Forer Effect

(redirected from Barnum effect)
Also found in: Wikipedia.
The observation that people give high accuracy ratings to descriptions of their personality that are said to have been tailored specifically for them, but which are in fact vague and general enough to apply to a wide range of people. The Forer effect partially explains the widespread acceptance of astrology, fortune telling, and some types of personality tests
References in periodicals archive ?
It is also similar to something called the Barnum Effect or the Forer Effect.
The Barnum effect was initially used in classrooms to illustrate gullibility and deception; however it later was used to teach ethics (Beins, 1993).
Another interesting finding is that the Barnum effect is more prevalent in positive statements and evaluations than in negative leading researchers to conclude that the Barnum effect is somewhat cancelled by a self-serving bias (Leung, Su & Morris, 2001; MacDonald & Standing, 2002).
The Forer test (Forer, 1949), or Barnum effect (Meehl, 1956) is often used to illustrate gullibility and ethics (Beins, 1993).
Using the Barnum effect to teach about ethics and deception in research.
Studies supporting the validity of the Barnum effect include Dickson and Kelly (1985), Dies (1972), Fichten & Sunerton (1983), and Forer (1949).
Cold reading" is a set of deceptive psychological techniques which are used in the psychic reading to create the impression that the reader has paranormal ability (Rowland, 2002); the Barnum effect technique, which has been described earlier, is one branch in this tree of "cold reading" (Dutton, 1988).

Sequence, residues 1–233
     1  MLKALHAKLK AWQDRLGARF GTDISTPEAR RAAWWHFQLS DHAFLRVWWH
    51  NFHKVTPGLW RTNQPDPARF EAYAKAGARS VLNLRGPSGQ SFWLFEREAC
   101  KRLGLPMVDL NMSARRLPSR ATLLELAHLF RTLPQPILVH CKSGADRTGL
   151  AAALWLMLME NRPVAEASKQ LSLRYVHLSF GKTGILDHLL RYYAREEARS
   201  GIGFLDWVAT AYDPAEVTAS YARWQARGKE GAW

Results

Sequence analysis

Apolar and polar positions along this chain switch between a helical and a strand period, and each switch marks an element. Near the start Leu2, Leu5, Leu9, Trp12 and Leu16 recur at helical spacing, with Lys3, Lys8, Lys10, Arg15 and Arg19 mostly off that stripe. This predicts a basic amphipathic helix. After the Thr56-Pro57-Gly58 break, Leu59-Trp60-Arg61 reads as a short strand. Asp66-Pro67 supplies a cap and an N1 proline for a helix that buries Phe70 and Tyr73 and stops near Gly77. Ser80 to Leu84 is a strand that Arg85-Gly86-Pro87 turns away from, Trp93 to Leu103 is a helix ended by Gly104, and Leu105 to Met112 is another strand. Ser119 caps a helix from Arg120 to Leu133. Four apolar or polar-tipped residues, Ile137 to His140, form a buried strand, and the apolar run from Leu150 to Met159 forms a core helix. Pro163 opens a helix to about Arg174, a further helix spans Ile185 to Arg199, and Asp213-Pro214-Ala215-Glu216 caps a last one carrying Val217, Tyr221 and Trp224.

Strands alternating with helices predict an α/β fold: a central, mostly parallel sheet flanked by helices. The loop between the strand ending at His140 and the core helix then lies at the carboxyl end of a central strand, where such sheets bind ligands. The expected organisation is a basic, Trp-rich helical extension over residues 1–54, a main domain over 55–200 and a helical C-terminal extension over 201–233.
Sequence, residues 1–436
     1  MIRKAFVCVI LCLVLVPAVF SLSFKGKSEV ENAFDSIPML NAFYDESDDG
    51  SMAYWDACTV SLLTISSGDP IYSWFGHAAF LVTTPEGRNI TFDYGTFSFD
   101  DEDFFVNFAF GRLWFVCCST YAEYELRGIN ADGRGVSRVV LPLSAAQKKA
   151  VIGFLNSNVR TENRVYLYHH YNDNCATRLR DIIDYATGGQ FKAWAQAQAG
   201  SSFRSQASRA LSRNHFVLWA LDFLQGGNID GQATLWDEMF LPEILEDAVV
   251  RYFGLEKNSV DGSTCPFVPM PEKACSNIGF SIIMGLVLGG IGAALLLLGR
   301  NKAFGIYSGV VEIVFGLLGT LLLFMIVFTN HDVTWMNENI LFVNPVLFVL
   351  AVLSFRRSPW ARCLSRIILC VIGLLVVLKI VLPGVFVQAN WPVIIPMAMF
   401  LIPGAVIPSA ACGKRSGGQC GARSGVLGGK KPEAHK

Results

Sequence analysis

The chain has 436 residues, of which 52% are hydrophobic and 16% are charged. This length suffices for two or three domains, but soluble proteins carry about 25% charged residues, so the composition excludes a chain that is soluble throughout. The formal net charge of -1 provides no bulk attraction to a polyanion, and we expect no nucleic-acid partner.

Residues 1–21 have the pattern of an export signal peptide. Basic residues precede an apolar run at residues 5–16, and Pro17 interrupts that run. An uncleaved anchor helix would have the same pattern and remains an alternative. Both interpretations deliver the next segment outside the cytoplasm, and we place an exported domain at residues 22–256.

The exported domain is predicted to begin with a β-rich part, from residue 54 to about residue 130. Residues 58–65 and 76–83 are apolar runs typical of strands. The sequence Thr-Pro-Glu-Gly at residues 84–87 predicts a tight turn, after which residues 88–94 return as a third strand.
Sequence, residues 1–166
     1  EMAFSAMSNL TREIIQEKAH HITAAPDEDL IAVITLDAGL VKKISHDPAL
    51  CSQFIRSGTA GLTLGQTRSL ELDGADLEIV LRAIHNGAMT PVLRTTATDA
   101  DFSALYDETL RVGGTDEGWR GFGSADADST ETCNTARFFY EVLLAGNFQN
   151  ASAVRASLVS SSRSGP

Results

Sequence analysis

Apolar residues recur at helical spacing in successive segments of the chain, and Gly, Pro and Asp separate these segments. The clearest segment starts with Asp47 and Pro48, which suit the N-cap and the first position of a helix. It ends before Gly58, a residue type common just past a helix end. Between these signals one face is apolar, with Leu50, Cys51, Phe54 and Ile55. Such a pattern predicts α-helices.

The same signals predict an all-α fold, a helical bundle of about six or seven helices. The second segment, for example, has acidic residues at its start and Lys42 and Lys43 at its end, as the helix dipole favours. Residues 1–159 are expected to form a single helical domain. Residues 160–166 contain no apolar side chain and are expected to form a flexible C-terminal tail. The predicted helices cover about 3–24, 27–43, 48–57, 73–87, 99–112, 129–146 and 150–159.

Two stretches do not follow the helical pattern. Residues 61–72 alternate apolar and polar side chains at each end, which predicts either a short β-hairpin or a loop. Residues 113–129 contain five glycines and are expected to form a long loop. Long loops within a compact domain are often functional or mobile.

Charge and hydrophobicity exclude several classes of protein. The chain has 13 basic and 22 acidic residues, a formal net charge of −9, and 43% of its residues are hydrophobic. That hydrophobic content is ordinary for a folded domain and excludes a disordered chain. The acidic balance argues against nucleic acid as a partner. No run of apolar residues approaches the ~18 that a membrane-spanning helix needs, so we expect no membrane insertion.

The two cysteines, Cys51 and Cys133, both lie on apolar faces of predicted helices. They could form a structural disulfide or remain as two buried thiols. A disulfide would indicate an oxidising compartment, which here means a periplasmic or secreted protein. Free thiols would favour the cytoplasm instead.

As we have seen, tarot cards might be seen as based upon paranormal influences that navigate the entire interaction between the reader and the client, just as they might be seen as based upon nonparanormal influences in which simple psychological processes, such as the Barnum effect and "cold reading," explain the information provided by the reader to the client.
The fast question may be tied theoretically to the Elaboration Likelihood Model (ELM; Petty & Cacioppo, 1986) of attitude change; the second may be tied to the Barnum effect (Meehl, 1956).
Another goal was to examine the relationship between TI favorability, using the Barnum effect as its theoretical basis, and counseling processes and outcomes.
The Barnum effect has been observed across a wide range of nonclinical samples and experimental situations (for reviews, see Dickson & Kelly, 1985; Furnham & Schofield, 1987; Snyder, Shenkel, & Lowery, 1977).
Professor French mentions the Barnum Effect - which supposes that dubious operators apply a broad sweep of possibilities, which eager clients then swoop on as specific to their situation.